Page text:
Consumerism, the belief that it is good organizing a society around the central activity of shopping, has proven itself to be a mistaken belief. This tide is never going to lift all boats. The moral justification given for turning the world into a shopping mall was that it was the best way to lift the suffering billions out of grinding poverty. In other words, the argument is that the only way we everyday people can serve human dignity and help all suffering humanity throughout the globe – is to make the rich more wealthy. Then, as they taught us to say, the wealth will trickle down. It does not matter how many think-tanks they employ to explain these things away, the facts remain. Facts are stubborn that way. This tide is never going to lift all boats. On a finite planet, consumerism without justification is simply greed.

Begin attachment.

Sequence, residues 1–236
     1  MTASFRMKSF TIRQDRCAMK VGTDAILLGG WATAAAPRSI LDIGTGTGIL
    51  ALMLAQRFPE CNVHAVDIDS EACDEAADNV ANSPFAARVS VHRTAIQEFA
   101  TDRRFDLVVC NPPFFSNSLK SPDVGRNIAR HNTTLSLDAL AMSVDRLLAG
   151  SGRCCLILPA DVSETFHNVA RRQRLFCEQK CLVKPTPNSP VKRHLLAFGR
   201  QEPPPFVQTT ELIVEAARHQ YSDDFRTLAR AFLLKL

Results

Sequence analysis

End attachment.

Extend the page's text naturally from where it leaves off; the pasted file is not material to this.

When President Ronald Regan said the lifestyles of the American people were non-negotiable, he could not have been more wrong. No leader of the American people has the right to make such a statement, for you see, our lifestyles are exactly what we as individual citizens have immediate control over. This is where our freedom lives. Further, once one becomes mindful of ecology, it is these American lifestyles that are the very first thing to address on the road to social sanity. If we speak of what truly ails us we can muster the famous American can-do attitude to tackle realistic adaptations. All that stands in our way is this set of mistaken beliefs.